As we eagerly anticipate the sequel of the science fiction cult classic ‘Blade Runner’, we reacquaint ourselves with the iconic ‘Blaster pistol’ with our Curator of Firearms, Jonathan Ferguson.
Known to aficionados as the ‘PKD’ (Steyr Pflager Katsumata Series-D Blaster or the ‘LAPD 2019’) the Blade Runner blaster was designed and crafted for Harrison Ford’s weary future detective/enforcer Rick Deckard in the celebrated science fiction movie ‘Blade Runner’ (1981).
After decades of fanciful directed energy weapons (lasers, phasers, and energy-based ‘blasters’), it was the first of a series of more realistic, gritty movie firearms; guns that looked like they were from the future, but were actually an extrapolation from existing firearms technology and didn’t depend on as-yet undreamt-of power sources.
As an aside, we are a LONG way away from effective, portable directed energy weapons, let alone weapons capable of creating quantum singularities; batteries are just one problem in this respect. Modern cartridge firearms are just too efficient, reliable and cost-effective to be replaced anytime soon.
The actual Blade Runner blaster prop was an ingenious disguise for a modern firearm; the relatively mundane ‘Bulldog’ .44 Special revolver from US company Charter Arms. This gave the blaster its chunky, slightly retro lines and enabled it to fire blanks similar to weapons used in ‘Star Wars’. Here though, no laser bolts would be animated in post-production; the prop would operate on screen much like a real revolver.
To take things into the near future, however, the ‘Bulldog’ was married to a bolt-action Austrian Steyr-Mannlicher Model SL (in .222 Remington, the predecessor of NATO’s current 5.56x45mm cartridge). In practical terms this combination made no sense; the rifle had no barrel (indeed, no chamber to accept a cartridge!) and so the distinctive turned-down bolt handle on the side of the finished blaster had no real-world function. The rifle’s magazine was mounted below the barrel of the host revolver, so there was no way to feed cartridges to the upper ‘barrel’ either, even though the pistol’s two triggers reinforce the idea that this is a double-barrelled weapon. A plastic clamshell covers the revolver’s cylinder to further persuade the viewer that this is a totally new type of weapon. However, this means that there is no on-screen way to reload the thing either.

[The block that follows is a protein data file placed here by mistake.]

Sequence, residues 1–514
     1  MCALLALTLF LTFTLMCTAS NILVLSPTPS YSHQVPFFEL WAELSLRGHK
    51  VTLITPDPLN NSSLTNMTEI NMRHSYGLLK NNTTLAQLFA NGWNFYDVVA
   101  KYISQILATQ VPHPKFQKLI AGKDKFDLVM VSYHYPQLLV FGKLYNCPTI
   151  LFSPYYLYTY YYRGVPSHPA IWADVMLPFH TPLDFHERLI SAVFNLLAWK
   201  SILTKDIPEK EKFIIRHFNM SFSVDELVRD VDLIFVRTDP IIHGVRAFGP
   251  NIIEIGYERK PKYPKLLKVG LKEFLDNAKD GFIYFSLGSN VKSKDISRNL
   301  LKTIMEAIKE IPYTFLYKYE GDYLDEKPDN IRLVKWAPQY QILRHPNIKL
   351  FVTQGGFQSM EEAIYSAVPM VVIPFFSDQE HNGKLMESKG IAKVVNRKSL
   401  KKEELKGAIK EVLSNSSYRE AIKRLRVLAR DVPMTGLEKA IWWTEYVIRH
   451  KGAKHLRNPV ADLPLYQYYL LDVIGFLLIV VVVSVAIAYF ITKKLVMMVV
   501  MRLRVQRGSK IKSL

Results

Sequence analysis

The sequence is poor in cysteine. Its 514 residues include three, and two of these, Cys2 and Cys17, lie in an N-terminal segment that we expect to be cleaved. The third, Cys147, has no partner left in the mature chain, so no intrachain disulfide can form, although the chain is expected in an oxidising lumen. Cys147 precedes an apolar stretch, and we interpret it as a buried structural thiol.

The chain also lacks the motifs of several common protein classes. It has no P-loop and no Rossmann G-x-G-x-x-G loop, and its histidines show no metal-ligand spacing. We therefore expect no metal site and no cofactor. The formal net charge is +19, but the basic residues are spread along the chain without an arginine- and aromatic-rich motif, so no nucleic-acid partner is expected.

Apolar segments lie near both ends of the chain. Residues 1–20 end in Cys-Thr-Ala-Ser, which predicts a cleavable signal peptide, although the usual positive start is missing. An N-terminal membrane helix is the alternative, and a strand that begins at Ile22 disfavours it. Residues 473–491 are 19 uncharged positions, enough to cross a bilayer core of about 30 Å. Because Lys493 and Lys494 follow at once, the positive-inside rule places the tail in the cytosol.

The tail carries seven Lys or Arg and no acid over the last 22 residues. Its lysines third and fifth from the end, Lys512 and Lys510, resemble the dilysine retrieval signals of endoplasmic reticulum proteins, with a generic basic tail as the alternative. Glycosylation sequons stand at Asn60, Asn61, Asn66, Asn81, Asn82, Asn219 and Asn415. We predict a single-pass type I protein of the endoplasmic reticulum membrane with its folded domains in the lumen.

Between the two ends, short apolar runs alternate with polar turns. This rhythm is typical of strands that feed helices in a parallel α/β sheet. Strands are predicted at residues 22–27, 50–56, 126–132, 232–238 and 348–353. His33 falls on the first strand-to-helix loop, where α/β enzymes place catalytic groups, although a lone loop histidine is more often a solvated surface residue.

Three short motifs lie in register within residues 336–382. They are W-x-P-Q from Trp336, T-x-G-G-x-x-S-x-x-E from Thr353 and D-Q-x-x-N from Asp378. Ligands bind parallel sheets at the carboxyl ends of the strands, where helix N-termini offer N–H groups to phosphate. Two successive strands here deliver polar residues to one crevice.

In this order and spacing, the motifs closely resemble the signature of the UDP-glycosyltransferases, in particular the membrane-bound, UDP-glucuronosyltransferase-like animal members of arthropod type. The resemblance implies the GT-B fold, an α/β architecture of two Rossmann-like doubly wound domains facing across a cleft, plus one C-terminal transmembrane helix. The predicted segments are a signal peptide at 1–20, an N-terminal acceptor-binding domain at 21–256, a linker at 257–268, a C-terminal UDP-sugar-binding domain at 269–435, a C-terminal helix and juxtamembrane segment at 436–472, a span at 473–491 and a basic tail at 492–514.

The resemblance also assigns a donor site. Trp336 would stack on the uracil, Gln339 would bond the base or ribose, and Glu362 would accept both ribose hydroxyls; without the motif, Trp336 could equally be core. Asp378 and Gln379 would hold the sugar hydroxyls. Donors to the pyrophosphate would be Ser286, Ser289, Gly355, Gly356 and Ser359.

Some lurid transparent amber-coloured grips and some pointless sci-fi red and green LEDs complete the look. If it sounds like I’m complaining, I’m really not; it’s just interesting to peek behind the ‘movie magic’ curtain sometimes. In fact, these design choices were made for precisely these reasons; even students of arms and armour were stumped by the blaster at first sight. Interestingly, production designer Syd Mead (who also worked on ‘Aliens’ and ‘Star Trek’, among other franchises) originally penned a very futuristic ‘black hole gun’ that looked absolutely nothing like a modern firearm.
It clearly fills the role in terms of Hollywood detective and sci-fi movie tropes but remains mysterious and futuristic. Does it still fire bullets, or some special kinetic projectile that we can’t imagine? Is it a miniature railgun, with the ammunition stored in the Steyr’s magazine (with its glowing red lights)? Or is it really a directed energy weapon? Most viewers won’t care, but those of us that do see the weapon as almost as a character in its own right, akin to King Arthur’s Excalibur. This is certainly true of former MythBuster Adam Savage, who embarked on his own personal quest to perfectly recreate the blaster for his own collection.
An icon in movie history
The iconic status of the blaster is curious in a way. As in the case of the so-called ‘Han Solo’ blaster from ‘Star Wars’, the LAPD 2019 was very clearly used by more than just the one character and was intended to be an absolutely mundane, standard-issue weapon, not some special heroic weapon like ‘Excalibur’ or ‘Vera’ from Firefly. It’s the use of the weapon as part of the narrative that makes it somehow special, unique, and sought after by fans.
This month sees the release of the much-anticipated Blade Runner: 2049, directed by Denis Villeneuve. It remains to be seen whether the movie, or the updated police service pistol wielded by Ryan Gosling, will be a success, but the design is a fairly radical departure from the classic look, with a stout barrel shroud, prominent trigger guard, and carbon fibre-look grip.
It will very likely not contain a real firearm but may have a recoil weight inside to provide feedback for the actor and reference for CGI muzzle flash instead of using blank ammunition (as the new ‘Star Wars’ movies have approached their blasters). I’m looking forward to seeing it in action in any case; the trailer looks great.
Here at the Royal Armouries, we are building a collection of screen-used and other movie props under a Heritage Lottery funded project called ‘Collecting Cultures’. Unfortunately, only one ‘hero’ prop is known of and even rubber ‘stunt’ versions are scarce. We will probably never be able to acquire one for the national collection of arms and armour, but who knows? After all, we did manage to get a Pulse Rifle from the film Aliens (1986)